Much of Brocca’s book is essentially derivative, although to some degree this is neither avoidable nor necessarily objectionable. After all, the Sibylline prophecies have, since the Renaissance, been the object of intensive study by antiquarians, classicists, philologists, biblical scholars, and mediaevalists, and it is difficult to say something about them that is wholly brand-new. The only sure recipe for discovery is to return to the manuscript libraries in search of fresh evidence, as Anke Holdenried’s 2006 study of the Latin versions of the Sibilla Tiburtina3 and Christian Jostmann’s 2006 monograph on the Vaticinium Sibyllae Erithraea4 admirably demonstrate. Admittedly, Brocca’s book contains an impressive list of nearly 100 MSS cited (pp. 423-34). Yet the bulk of these are utilised to adduce arguments that have already been advanced by other scholars, and perhaps a telling point is that several of the book’s noted inaccuracies in MS referencing repeat those in a seminal study by Bernhard Bischoff.5 The chief exceptions to the rule appear in the footnotes, which contain such a wealth of manuscript information that one wonders whether some of it could have been incorporated into the book’s main arguments.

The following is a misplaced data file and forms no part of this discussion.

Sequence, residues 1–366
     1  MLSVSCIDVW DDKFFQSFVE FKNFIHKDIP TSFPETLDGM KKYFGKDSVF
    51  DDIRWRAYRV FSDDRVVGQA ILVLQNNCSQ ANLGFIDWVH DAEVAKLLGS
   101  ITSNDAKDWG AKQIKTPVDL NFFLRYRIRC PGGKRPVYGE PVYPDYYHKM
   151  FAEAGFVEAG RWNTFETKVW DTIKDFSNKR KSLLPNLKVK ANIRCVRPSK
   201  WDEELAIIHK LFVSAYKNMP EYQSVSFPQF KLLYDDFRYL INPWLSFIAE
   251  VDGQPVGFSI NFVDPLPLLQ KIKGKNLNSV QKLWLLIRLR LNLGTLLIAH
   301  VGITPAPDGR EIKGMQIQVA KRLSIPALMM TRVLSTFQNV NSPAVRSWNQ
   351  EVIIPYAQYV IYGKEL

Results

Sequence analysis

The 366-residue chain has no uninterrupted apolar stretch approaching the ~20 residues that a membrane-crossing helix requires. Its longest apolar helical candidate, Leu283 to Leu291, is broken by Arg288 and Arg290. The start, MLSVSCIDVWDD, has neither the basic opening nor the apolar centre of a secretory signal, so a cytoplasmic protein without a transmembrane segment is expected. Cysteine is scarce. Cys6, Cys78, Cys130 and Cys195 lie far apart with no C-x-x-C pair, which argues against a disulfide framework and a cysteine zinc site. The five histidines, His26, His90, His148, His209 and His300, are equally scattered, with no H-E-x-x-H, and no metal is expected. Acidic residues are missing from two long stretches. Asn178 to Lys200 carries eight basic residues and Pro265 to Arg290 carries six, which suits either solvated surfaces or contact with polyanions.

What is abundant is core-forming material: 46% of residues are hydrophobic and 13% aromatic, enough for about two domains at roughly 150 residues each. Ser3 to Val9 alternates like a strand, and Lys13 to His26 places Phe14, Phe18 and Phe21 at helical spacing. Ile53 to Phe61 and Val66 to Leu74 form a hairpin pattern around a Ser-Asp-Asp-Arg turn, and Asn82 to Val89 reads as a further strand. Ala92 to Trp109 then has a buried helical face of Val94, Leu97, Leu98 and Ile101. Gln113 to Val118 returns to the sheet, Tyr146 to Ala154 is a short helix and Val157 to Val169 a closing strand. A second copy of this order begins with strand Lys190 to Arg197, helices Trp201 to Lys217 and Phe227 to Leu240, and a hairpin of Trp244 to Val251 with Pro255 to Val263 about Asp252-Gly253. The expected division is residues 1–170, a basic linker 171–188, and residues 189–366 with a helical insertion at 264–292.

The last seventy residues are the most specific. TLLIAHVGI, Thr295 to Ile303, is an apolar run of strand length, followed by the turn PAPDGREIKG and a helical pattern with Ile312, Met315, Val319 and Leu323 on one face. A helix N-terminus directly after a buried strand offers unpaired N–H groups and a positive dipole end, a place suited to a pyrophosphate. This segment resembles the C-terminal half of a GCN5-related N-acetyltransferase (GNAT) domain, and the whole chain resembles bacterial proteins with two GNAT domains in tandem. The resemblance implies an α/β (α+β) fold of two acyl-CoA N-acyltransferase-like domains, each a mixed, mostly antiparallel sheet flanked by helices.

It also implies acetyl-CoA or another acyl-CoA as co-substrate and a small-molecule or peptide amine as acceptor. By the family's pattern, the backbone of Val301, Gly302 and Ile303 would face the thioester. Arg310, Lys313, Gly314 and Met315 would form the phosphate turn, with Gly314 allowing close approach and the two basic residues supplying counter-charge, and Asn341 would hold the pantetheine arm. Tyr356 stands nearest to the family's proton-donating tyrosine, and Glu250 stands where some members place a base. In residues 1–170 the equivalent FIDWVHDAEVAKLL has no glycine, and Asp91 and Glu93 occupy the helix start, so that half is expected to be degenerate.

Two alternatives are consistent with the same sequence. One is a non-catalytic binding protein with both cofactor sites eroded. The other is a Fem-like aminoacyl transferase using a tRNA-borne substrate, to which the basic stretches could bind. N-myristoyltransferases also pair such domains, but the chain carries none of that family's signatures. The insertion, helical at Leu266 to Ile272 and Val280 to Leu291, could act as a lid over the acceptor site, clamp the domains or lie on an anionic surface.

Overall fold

In the final analysis, Brocca’s book provides specialists in late antique and mediaeval apocalyptic literature with a fine overview of the patristic use of the Sibylline phenomenon, and of the history of that use into the Middle Ages. It also offers excellent critical editions of some important Sibylline texts and other primary material. For this we are in her debt.